Q: From the point of view of security linked to criminal phenomena (security), for example the theft of panels, what are the technologies and procedures that must be implemented on a large photovoltaic system?

Paolo Lugiato: obviously an anti-intrusion system is needed, consisting for example of infrared or microwave barriers, alarm control units, cameras, fences and everything necessary to guarantee security. The systems are monitored by operational centers of qualified providers, which require the intervention of the supervisory institutions in case of break-in attempts. From the point of view of safety at work, following a break-in, the O&M operator will proceed with a general check before any maintenance activity, especially if part of the system should be out of service.

Q: From the point of view of environmental protection, what kind of measures are taken for a photovoltaic system?

Paolo Lugiato: From an environmental point of view, the most important element is the so-called environmental mitigation, or a green belt set up on the perimeter of the photovoltaic system. These mitigation interventions aim, in addition to minimizing the visual impact, to increase plant and landscape biodiversity, and allow the inclusion and connection of the relevant area with the ecological network of the territory. The continuous and constant monitoring of the state of the drainage systems then makes it possible to avoid damage deriving from atmospheric events of a significant entity, unfortunately in recent years more and more frequent. In addition, procedures have been adopted to manage and limit environmental accidents, such as the accidental spillage of liquids that are dangerous to the environment. In fact, each plant has been equipped with special anti-spill kits that allow these events to be managed quickly and effectively.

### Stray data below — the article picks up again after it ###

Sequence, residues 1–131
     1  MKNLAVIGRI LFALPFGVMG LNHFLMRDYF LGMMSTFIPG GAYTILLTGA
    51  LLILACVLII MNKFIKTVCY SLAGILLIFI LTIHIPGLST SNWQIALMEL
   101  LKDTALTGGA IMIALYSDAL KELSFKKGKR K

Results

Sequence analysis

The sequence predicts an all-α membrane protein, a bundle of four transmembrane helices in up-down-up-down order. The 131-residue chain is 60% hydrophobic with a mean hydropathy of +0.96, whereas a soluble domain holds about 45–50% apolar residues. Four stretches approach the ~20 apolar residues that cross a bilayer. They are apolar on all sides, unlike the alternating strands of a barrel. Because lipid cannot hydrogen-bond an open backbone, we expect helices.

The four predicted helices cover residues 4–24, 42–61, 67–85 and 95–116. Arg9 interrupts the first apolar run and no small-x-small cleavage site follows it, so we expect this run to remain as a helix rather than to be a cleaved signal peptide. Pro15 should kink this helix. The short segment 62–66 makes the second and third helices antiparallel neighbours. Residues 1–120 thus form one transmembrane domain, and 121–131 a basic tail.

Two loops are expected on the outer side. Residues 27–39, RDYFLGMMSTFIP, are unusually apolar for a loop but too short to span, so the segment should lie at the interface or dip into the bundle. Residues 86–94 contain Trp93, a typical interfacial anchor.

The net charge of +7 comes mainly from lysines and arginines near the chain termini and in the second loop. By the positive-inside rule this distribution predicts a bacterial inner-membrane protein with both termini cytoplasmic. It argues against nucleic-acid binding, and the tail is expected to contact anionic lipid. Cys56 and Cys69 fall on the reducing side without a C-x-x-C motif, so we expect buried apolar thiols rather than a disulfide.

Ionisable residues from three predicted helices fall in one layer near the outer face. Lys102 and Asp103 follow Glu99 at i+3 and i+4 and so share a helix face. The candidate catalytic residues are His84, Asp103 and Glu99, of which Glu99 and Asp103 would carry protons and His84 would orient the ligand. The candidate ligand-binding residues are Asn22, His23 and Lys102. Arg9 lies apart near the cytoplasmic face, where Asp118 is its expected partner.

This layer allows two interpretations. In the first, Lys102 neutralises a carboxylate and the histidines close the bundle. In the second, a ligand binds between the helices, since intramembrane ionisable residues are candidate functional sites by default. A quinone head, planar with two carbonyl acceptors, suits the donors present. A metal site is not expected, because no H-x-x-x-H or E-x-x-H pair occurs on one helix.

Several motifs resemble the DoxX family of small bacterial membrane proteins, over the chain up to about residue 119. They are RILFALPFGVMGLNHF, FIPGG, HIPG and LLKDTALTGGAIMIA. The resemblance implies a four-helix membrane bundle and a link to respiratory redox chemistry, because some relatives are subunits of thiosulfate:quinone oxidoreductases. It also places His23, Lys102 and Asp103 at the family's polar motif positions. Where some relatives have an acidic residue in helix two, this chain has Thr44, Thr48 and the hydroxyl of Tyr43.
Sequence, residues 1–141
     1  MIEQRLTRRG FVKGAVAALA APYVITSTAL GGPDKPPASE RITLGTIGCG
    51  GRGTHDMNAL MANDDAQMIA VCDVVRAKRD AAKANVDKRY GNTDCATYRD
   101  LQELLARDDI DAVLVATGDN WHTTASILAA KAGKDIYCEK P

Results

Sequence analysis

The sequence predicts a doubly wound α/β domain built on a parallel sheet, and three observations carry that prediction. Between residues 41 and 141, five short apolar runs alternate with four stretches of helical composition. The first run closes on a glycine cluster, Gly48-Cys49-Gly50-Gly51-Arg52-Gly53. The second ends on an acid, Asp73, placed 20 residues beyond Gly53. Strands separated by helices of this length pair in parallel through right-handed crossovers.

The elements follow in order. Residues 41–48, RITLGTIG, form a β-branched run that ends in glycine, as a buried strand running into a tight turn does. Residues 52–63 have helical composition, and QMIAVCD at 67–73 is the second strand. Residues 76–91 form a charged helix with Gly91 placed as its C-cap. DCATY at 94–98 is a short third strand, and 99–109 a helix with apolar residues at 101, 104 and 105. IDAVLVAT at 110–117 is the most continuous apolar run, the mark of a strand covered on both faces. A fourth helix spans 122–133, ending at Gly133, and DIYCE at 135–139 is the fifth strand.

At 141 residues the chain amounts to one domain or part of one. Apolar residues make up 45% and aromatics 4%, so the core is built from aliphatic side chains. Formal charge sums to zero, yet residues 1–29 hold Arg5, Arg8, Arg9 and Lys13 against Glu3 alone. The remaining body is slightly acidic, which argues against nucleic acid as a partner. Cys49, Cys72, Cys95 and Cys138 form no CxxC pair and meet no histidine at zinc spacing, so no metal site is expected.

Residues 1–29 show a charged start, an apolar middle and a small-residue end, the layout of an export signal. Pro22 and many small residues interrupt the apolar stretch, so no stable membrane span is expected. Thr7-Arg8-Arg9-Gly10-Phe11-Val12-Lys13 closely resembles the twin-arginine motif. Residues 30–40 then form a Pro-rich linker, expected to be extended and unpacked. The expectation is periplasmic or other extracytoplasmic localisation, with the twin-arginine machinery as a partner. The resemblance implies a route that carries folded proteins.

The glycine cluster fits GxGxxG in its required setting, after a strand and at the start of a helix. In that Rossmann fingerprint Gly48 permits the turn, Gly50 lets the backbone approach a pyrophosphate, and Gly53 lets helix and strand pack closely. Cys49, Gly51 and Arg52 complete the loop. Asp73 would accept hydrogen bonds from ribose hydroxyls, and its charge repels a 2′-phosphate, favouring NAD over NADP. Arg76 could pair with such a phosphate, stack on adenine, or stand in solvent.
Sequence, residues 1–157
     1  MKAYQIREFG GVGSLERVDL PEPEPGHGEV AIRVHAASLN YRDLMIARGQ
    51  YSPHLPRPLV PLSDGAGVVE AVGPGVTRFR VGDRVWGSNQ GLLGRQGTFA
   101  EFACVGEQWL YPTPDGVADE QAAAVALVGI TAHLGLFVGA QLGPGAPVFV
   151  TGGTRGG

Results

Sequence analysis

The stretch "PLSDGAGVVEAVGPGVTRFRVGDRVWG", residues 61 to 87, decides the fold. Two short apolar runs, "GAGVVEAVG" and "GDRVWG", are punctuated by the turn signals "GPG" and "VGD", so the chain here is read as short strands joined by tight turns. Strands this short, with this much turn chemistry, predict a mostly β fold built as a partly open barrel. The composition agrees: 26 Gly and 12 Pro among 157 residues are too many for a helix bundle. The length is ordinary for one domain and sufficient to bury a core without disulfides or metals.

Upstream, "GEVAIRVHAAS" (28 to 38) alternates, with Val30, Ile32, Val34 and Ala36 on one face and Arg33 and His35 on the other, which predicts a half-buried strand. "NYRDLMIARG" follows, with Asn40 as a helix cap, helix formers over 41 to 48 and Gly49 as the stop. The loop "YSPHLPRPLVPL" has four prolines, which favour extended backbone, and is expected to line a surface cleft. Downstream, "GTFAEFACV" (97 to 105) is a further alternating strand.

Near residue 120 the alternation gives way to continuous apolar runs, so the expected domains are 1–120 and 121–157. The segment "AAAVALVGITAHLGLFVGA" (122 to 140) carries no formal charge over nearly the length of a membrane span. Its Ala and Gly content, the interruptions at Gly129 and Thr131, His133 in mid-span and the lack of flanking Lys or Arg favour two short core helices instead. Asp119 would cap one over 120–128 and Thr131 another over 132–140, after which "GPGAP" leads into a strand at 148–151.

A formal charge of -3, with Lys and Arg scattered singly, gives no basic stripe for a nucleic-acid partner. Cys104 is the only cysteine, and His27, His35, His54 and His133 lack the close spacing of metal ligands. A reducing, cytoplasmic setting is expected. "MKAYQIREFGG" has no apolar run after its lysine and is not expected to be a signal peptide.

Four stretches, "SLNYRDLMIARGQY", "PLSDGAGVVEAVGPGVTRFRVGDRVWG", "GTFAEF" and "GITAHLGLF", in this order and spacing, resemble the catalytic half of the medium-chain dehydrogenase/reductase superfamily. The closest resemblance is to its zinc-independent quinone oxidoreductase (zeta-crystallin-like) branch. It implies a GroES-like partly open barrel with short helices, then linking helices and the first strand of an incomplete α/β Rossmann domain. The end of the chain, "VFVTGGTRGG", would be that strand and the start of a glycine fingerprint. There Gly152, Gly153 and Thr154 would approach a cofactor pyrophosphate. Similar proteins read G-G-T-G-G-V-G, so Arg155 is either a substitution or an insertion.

Q: What do you do for waste management? What is the most important rejection?

Paolo Lugiato: The waste produced by the maintenance activities within a photovoltaic system are mainly the so-called WEEE, or Waste from Electrical and Electronic Equipment. Particular attention is paid to the management of the disposal of photovoltaic panels, which in addition to following national legislation, must also comply with the guidelines issued by the GSE. In all photovoltaic systems, areas for the temporary storage of WEEE have been identified: this to allow O&M operators to manage this activity in a correct, safe and environmentally friendly manner.

D: Let's go back to training and information: you have adopted a tool called Video HSE Induction. What is it about?

Paolo Lugiato: Having a portfolio of plants extended throughout the national territory also entails having several O&M operators, with an important number of subcontractors. With a view to continuous improvement, RTR deemed it necessary, in addition to document verification of the training of incoming personnel, to further raise awareness of all the risks and procedures to be followed within a photovoltaic system. For this reason, the most suitable tool to meet our needs has been identified in a special video available on our website, therefore accessible to all through a specific registration. To date, over a thousand people have viewed the RTR HSE Induction Video, contributing significantly to raising the level of awareness regarding health, safety at work and environmental protection.

By the editorial staff of Our website


Video: Solar Photovoltaics 101 (August 2022).